"It was clear that January would not bring the turnaround," the Association of International Motor Vehicle Manufacturers (VDIK) President Volker Lange was quoted as saying by Autonews. As far as Germany is concerned, the 2,500 euro subsidy to encourage scrapping cars at least nine years old in exchange for buying a new one is expected to spawn an increase in sales in the following months.
The Association of German automakers has forecast 2009 sales could exceed 3 million units thanks both to the aforementioned incentive and s 2,500 euro subsidy to encourage scrapping cars at least nine years old in exchange for buying a new vehicle.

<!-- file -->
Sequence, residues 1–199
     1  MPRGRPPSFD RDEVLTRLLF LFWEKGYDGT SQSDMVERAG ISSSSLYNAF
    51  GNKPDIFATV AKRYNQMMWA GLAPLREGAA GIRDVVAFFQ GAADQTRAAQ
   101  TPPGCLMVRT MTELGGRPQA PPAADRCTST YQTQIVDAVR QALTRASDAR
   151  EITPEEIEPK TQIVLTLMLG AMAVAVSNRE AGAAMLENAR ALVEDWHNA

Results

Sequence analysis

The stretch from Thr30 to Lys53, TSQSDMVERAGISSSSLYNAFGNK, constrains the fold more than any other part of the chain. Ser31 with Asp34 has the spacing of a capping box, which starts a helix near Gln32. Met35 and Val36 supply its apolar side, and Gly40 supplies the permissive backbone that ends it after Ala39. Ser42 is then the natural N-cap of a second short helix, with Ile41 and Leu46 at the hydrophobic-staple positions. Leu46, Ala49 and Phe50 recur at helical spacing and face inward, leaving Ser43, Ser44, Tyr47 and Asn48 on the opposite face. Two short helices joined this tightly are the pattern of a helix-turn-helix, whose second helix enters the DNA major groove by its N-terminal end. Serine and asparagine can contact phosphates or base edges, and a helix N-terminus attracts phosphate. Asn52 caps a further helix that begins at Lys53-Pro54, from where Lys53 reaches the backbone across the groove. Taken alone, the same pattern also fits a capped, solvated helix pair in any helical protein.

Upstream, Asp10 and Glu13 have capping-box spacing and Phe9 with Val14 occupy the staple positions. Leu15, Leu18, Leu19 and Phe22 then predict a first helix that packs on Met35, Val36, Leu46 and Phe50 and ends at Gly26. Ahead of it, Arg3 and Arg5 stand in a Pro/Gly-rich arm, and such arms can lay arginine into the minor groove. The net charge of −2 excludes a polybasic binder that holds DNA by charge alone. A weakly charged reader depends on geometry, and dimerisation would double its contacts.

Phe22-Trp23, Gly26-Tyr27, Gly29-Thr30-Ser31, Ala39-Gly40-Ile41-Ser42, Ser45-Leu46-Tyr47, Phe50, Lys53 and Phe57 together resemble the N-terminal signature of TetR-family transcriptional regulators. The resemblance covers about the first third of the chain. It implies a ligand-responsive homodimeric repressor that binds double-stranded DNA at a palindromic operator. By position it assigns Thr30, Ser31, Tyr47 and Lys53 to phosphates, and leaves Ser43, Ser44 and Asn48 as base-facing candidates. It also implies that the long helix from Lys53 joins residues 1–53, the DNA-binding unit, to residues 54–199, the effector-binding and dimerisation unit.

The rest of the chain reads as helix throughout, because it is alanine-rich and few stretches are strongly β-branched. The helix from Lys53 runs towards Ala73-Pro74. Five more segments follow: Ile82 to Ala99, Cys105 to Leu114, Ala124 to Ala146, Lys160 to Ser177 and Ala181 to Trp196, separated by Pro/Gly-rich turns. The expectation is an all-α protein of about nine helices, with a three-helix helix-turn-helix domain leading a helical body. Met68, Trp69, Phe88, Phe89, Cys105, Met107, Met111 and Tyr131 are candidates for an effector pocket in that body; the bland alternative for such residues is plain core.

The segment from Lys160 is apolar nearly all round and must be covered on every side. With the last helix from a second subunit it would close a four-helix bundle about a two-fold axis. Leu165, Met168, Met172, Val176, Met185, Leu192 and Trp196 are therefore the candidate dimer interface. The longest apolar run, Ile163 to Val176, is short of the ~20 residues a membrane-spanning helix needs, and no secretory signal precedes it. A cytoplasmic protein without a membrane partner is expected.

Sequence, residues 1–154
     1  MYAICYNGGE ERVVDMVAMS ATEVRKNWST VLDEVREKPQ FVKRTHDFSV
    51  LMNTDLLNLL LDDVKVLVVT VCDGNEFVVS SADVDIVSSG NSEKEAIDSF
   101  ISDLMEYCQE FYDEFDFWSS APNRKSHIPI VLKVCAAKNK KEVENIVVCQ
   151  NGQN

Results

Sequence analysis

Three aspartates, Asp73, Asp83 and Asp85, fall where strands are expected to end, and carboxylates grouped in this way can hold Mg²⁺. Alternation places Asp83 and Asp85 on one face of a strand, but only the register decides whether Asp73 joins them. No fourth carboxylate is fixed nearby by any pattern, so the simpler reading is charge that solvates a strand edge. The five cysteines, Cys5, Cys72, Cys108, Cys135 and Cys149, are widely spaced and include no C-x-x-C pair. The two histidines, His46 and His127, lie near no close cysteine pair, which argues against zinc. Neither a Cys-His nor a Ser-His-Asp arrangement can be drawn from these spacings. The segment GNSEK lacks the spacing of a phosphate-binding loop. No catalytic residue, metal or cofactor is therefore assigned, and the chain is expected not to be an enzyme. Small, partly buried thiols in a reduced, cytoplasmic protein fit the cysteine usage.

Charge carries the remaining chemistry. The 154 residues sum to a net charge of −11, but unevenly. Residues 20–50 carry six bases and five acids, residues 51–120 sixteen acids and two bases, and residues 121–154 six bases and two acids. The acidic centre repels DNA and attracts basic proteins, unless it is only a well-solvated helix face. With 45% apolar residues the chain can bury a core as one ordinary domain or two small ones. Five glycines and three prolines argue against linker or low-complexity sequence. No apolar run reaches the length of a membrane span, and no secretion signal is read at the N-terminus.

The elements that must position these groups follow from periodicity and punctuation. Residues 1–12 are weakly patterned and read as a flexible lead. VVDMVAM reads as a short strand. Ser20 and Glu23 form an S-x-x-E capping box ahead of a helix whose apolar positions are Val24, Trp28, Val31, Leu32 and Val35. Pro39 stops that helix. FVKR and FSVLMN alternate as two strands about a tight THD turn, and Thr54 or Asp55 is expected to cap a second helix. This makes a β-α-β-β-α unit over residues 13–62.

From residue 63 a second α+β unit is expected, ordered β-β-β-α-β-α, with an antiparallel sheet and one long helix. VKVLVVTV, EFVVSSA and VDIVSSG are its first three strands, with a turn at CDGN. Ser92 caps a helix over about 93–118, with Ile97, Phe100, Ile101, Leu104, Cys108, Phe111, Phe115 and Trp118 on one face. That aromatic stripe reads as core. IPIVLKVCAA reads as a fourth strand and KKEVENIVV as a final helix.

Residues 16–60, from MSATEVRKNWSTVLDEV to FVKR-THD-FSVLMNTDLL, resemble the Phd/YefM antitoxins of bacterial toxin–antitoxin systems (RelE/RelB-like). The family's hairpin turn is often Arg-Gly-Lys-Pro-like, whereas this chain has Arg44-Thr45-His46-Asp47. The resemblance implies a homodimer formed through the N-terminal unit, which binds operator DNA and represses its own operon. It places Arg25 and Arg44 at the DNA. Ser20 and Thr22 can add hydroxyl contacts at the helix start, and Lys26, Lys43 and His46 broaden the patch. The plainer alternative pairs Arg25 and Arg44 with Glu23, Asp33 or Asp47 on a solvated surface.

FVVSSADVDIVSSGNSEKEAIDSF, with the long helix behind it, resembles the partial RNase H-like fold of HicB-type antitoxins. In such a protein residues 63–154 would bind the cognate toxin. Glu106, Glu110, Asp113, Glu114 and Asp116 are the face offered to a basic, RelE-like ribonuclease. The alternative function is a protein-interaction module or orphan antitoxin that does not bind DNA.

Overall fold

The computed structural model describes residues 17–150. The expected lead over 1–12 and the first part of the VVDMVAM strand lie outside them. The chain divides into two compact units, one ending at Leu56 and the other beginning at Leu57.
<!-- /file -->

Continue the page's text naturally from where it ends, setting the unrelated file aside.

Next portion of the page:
The drop in Germany's auto market is consistent to similar events happening all over the world. Sales reports for the past month were filled today by a number of manufacturers. Chrysler announced a loss of 55 percent, General Motors lost 49 percent, while Volkswagen of America posted a 11.6 percent decrease in sales.
As you can see, most of those losses were reported in the US. VDIK is the first European authority to release sales reports for January. Because it talks only of the German market, the report is unclear as to Europe's results as a whole. This doesn't make it hard though to expect negative values for car sales all over the continent.